July 11, 2010
Ain’t it awful – that constant pressure, the competing demands, absolutely no work-life balance. And certainly no time to browse a blog or read an interesting article.
Not when there are 30 emails waiting to be read, the phone is ringing, an anxious volunteer is hovering at the door, and you are late for an appointment and there’s a report to be written by 8.30 tomorrow morning.
Do I exaggerate? I don’t think so. Been there myself a few times.
So I had to teach myself a few lessons which are worth a read, I think.
Because you can’t afford not to have time.
- After two months of running round in circles I took a long hard look at the job description, and reviewed it every year. Just to make sure what was written matched what I was really doing. Very early on I got rid of that neat little clause that said ‘any other such tasks as may be required from time to time’.
- I recognised the lack of time was not going to be resolved by attending courses on time or stress management. It was the complexity of the role, the multi-tasking required – as well as numbers of volunteers – that was the burden. So I really appreciated the organisational and relationship skills I had learned in household management and parenting.
- I learned very quickly how to prioritise, with and without a to-do list. Once I had ticked off all the little things the load felt lighter and my head was clearer to tackle the major task for the day.
- In pre-computer days I was given this advice: Handle every piece of paper only once. A helpful reminder when it came to managing emails.
- I reminded myself over and over: Seek out the volunteer to help with this task or to take on that responsibility.
- Joining the Volunteer Centre lunchtime forums was a great way to meet and mix with other managers of volunteers, a kind of support network we all needed. Mentoring or supervision is another means of support, and also skill development.
Because you can’t afford not to have time.
Because you owe it to the organisation, to the volunteers, and to yourself
Because you are worth it
And – if you want more than this homespun advice, the Energize Volunteer Management Update for July 2010** has some links to excellent websites under the heading Hints from Everyone Ready faculty. And look for the book The (Help!) I-Don’t-Have-Enough-Time Guide to Volunteer Management, by Katherine Noyes Campbell and Susan J. Ellis. I wish I had found something like this when I was floundering in my early days. Read the blurbs and buy it.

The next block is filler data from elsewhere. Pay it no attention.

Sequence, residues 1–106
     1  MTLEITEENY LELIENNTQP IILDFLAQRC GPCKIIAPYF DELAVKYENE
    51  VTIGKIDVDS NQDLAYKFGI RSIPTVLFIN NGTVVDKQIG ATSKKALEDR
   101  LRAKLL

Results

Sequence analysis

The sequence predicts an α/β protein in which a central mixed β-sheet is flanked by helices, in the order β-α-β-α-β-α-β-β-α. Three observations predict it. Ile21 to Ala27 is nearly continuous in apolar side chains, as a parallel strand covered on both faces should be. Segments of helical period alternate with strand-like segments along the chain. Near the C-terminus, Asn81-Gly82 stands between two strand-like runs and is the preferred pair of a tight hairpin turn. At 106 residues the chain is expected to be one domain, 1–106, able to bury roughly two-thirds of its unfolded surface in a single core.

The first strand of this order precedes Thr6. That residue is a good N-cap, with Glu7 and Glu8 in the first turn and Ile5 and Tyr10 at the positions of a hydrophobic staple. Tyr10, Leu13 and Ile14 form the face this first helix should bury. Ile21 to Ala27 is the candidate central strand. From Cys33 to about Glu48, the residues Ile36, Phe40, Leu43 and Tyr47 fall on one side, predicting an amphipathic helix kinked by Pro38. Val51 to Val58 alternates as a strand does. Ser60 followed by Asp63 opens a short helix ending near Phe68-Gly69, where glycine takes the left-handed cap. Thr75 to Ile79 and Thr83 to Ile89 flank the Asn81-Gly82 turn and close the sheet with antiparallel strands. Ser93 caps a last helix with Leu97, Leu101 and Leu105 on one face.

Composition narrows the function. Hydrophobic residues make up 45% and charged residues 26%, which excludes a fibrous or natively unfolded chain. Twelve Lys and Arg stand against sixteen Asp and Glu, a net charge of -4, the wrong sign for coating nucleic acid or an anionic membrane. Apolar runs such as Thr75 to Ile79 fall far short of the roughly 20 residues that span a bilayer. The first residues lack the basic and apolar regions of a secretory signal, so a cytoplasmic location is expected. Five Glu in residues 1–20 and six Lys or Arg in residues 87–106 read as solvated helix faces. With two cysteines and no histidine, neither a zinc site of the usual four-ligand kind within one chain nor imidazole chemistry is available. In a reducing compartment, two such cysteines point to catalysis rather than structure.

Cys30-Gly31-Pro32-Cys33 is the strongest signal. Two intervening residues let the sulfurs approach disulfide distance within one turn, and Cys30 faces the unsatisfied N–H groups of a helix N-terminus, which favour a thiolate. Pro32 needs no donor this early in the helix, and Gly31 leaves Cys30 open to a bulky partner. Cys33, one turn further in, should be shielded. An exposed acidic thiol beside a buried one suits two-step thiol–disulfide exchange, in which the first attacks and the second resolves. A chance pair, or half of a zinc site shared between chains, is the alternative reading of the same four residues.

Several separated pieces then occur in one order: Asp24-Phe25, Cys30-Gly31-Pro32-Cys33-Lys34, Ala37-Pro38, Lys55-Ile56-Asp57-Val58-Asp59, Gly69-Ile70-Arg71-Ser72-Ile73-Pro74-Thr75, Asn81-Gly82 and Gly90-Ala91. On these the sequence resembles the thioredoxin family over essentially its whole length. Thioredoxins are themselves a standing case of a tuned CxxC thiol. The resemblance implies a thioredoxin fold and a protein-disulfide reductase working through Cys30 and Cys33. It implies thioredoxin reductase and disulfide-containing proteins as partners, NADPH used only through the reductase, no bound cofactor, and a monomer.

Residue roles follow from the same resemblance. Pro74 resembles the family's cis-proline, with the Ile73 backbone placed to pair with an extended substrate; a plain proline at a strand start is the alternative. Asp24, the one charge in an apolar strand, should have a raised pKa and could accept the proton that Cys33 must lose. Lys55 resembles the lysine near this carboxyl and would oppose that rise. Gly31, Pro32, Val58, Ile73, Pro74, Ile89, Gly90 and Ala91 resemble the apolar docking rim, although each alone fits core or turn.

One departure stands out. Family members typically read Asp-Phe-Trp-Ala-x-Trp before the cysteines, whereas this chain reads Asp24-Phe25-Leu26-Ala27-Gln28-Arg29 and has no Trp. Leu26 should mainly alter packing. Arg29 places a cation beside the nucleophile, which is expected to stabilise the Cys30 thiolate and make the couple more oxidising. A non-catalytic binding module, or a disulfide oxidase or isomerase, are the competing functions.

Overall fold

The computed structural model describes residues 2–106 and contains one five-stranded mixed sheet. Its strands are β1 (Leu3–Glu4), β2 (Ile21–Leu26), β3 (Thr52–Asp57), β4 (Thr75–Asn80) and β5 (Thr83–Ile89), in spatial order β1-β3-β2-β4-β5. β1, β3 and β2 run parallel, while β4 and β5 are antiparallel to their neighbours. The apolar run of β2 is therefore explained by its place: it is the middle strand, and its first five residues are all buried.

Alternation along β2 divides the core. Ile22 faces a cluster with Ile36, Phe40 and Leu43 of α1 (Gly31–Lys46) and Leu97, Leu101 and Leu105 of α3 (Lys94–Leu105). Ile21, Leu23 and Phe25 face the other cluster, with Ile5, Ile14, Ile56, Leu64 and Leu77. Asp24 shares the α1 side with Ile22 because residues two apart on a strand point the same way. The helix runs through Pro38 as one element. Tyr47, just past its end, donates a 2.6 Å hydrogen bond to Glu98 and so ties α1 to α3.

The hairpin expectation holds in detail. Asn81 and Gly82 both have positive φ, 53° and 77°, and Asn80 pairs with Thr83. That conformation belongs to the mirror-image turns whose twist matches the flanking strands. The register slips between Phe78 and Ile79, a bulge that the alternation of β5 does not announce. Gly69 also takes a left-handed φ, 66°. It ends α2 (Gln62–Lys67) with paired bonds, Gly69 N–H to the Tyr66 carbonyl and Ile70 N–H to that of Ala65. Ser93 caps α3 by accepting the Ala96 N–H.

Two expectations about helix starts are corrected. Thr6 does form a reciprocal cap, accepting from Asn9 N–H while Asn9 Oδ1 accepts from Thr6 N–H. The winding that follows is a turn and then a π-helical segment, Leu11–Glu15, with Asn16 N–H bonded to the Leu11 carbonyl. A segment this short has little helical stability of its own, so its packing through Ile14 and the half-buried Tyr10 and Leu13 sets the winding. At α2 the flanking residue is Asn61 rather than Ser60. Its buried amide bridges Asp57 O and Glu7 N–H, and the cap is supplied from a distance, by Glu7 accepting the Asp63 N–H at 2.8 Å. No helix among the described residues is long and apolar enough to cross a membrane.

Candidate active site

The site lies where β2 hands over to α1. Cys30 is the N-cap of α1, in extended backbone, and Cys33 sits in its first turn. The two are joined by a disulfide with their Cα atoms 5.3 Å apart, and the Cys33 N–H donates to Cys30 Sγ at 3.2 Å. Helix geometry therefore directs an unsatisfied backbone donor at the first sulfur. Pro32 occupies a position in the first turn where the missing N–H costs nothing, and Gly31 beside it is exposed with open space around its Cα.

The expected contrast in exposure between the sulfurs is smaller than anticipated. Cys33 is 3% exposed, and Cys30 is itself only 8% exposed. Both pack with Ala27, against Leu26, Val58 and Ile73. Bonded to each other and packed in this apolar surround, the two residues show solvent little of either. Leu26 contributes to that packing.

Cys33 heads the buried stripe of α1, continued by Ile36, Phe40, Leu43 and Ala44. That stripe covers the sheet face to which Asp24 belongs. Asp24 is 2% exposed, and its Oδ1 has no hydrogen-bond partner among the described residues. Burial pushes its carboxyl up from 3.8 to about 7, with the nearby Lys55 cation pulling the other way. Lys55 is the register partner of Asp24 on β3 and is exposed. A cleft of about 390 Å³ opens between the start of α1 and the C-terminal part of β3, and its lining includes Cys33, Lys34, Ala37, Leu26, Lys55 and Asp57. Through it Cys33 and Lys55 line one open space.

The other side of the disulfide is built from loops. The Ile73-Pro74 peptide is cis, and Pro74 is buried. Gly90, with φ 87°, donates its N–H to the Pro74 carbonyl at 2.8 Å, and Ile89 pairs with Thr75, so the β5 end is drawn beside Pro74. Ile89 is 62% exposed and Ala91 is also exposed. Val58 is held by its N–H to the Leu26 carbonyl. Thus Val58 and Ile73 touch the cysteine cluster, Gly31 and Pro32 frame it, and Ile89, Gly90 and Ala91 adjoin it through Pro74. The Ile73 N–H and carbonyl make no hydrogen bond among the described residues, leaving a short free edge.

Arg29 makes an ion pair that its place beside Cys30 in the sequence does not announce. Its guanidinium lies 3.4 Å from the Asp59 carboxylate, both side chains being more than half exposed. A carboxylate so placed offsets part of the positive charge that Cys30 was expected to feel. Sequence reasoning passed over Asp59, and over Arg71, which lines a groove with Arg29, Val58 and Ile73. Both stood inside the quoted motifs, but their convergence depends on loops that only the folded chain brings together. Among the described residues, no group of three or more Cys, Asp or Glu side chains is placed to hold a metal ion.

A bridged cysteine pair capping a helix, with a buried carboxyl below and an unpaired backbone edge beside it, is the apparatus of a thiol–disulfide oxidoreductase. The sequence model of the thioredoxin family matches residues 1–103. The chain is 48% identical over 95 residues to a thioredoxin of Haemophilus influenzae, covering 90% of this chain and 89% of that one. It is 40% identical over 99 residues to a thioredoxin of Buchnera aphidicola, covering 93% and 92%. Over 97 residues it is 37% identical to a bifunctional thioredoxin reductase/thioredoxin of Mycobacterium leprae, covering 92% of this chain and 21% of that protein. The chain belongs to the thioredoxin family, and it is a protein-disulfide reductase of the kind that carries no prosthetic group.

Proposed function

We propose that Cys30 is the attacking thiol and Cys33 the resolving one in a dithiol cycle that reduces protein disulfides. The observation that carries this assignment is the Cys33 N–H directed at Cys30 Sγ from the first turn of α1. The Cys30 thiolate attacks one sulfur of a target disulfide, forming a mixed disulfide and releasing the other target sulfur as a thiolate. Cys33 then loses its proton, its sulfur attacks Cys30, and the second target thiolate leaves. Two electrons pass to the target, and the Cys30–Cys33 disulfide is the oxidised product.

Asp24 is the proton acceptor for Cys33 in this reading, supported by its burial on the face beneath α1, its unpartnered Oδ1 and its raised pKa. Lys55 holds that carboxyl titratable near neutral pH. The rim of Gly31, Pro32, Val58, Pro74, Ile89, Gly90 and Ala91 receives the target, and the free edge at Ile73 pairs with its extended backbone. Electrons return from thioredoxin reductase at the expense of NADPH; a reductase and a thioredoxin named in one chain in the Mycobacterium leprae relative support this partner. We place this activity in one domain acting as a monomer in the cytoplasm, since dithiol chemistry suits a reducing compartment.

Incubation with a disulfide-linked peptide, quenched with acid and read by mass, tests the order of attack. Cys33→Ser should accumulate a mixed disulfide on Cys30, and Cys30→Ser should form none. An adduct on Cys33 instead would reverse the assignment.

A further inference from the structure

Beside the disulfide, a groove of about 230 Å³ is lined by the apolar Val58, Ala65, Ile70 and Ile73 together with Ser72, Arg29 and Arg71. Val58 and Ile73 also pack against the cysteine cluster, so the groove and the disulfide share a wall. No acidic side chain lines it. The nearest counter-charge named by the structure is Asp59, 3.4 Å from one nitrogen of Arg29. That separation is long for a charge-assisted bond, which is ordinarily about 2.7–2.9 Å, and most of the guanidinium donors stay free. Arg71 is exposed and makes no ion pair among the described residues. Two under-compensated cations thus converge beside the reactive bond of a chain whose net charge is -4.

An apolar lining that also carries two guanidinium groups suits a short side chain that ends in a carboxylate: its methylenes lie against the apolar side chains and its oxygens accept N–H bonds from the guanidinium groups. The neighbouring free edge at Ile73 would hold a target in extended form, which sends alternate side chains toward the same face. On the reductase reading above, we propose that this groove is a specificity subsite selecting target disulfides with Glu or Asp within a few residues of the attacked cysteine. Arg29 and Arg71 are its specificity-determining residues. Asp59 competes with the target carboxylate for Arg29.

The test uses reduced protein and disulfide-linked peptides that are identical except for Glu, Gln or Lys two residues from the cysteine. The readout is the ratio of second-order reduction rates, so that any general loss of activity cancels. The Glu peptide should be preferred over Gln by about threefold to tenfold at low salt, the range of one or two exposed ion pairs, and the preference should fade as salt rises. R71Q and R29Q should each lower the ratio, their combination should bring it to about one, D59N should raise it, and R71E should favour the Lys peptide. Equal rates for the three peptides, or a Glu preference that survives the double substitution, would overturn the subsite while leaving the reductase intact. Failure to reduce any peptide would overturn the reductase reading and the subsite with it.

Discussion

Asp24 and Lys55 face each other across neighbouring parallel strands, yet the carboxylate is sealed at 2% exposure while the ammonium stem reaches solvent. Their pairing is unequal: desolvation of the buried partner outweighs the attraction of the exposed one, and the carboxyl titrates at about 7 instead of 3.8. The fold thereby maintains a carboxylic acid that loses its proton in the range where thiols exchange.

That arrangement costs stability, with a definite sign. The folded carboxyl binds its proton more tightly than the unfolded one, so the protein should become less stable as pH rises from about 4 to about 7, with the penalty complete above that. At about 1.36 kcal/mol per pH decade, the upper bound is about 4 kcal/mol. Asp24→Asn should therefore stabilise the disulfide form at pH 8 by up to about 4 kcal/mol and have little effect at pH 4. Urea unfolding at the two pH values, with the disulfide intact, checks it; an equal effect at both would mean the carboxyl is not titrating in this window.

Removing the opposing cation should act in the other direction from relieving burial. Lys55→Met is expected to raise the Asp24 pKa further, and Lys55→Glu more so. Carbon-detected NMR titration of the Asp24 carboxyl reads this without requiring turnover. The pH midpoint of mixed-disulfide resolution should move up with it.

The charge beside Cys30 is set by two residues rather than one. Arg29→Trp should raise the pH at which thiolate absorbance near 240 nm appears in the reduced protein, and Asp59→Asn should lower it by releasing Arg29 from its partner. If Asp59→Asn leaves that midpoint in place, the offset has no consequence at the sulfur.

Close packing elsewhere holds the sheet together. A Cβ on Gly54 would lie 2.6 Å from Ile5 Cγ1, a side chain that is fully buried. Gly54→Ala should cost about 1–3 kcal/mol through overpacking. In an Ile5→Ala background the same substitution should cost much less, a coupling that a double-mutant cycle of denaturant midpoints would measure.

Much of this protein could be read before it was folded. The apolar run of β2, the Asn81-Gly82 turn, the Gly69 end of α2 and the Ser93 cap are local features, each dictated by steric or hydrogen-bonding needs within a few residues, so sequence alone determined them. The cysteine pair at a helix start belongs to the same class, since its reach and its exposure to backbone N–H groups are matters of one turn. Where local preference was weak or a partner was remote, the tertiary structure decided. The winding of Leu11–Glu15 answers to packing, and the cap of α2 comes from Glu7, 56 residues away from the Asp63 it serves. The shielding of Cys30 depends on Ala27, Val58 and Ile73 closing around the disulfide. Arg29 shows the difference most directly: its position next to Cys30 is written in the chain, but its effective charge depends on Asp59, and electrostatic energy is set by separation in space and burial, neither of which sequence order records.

You see – it’s worth making time to look for resources. There is always something to learn.
And that’s really why you can’t afford not to have time.
** If you are not already receiving this Update you can get the links at http://archive.constantcontact.com/fs070/1101128346960/archive/1103535999991.html#a6
To receive the Update per email go to http://www.energizeinc.com/ener/monthly-update-archive.html
July 1, 2010
It’s all very well to go on about managing volunteers as though it was a specific job, and that’s all they have to do. Trouble is, there are people out there who have to be multi-taskers in multiple ways. Consider the following examples:
(1) You are the sole charge paid position for running a community organisation – the philosophy, policy, practice, the volunteers – the lot. Whew! – in terms of work-loads.
(2) You have a paid professional position in your organisation (nursing / social work / administration / whatever) and you are delegated responsibility for the volunteer programme along with your principal role. How do you divide your time? Where do your loyalties lie? Another whew!
(3) Or you might be a volunteer called on to organise a team, a function, develop a new service, and you have no proper job description, and you really need a budget and it would be good to get some advice from someone else in the organisation, specially when you have never done this before. And hey, I’ve got a full-time day-job as well. Whew, again!
Whatever the circumstances of your organisation, volunteers need to be well-managed to get the best delivery of services and outcomes for your organisation.
Which just makes you realise just how important it is to get management of volunteers right. Right?
Watch this space, and tell me what works for you……..